Maverick pleases tourists with scenic Grand Canyon flights
Eurocopter EC130 T2 helos are new flagships of sightseeing fleet.
By Woody McClendon
ATP/Helo. Challenger 604, Bell 222/412, Eurocopter AS350B3
Maverick EC130s are parked on the ready line at the company's HND (Henderson NV) facility. During the day they'll be flying tourists to the Grand Canyon.
For as long as flying machines have existed, people on the ground have craved the chance to ride in one for perhaps their only opportunity in life to experience the joy of flight and a fleeting view of their house and home from above.
When the first Bell 47s fluttered into the civilian world, they were an instant hit at county fairs. People lined up for a ride around town, 2 at a time. They would cling to the plastic bubble as the machine lurched through the air and gave them the miracle of a view from 500 ft.
Fast forward to today, to a ramp at LAS (McCarran, Las Vegas NV), where a fleet of sleek Eurocopter EC130s awaits the morning's first customers for an airborne tour of the Grand Canyon. The passengers are gathered in a nearby terminal building, ready to be shepherded aboard for their great adventure.
Their excitement level is every bit as high as the people who flew in those Bell 47s, but their ride will be a far more wonderful experience. Seven of them will settle into upholstered seats, surrounded by polished Plexiglas windows. They will don soft headsets so they can hear the pilot describe the wonders of the Canyon. And they'll be cruising at 140 mph in air-conditioned luxury.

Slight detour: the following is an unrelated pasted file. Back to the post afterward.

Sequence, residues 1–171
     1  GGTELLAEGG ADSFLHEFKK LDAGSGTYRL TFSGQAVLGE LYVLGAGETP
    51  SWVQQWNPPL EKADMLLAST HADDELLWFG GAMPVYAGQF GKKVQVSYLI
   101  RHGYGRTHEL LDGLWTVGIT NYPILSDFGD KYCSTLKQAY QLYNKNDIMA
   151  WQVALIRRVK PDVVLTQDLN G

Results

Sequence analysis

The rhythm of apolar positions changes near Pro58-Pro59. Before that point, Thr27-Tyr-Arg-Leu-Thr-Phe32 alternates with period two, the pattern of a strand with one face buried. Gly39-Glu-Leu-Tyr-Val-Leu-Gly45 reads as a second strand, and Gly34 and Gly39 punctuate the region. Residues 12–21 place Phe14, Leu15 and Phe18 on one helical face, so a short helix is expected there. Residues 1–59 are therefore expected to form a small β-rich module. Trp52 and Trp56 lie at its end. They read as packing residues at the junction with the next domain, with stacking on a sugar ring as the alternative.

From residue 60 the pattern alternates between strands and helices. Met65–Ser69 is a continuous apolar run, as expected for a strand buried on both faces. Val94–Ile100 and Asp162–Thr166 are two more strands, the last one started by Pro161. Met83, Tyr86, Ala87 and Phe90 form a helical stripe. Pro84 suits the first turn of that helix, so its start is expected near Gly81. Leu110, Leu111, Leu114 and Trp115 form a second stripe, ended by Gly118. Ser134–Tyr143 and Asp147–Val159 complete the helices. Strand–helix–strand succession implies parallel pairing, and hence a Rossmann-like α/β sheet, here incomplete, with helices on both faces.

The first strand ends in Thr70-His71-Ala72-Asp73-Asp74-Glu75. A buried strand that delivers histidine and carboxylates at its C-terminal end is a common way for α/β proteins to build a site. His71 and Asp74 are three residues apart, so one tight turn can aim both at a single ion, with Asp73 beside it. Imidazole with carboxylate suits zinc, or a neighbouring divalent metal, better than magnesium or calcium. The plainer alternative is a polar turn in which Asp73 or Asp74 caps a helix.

This is Maverick Helicopters—the leading air tour operator serving the Grand Canyon. VP Maintenance John Mandernach is our host for the day. As he shows us through the passenger terminal, he indicates a large topographic wall map and points out the route we'll be flying, which his fleet of EC130s flies several times a day.
The route takes his passengers to a secluded spot on the Hualapai Indian Reservation, where their EC130 will land and they will disembark. They'll breathe in the pristine air and experience the silence that can only be found far from the bustle of civilization.
Their pilot serves the passengers chilled champagne, they snap pictures of breathtaking steep cliffs and the foaming Colorado River, and then it's back to the helicopter for the return trip to Las Vegas.
EC130 flight ops
Maverick EC130 T2 hovers over a rock landing zone in preparation for landing.
Maverick operates 35 EC130s and employs 65 pilots, 36 maintainers and numerous support personnel. They're all dedicated to making every flight a memorable experience for their passengers, who hail from every country in the world. The passengers are booked for air tours by travel agents the world over as part of their package to Las Vegas.
The scheduling system works like clockwork, taking in thousands of reservations and assigning them to flights on their planned day of adventure. Every night, Maverick's 36 maintenance technicians prepare the EC130s for the next day's assignments.
When their work is complete, their co-workers who are assigned as quality assurance inspectors check the entire job before adding their official stamp to the records. A computerized set of maintenance records documents their work and serves as the administrative tool for the official return to service.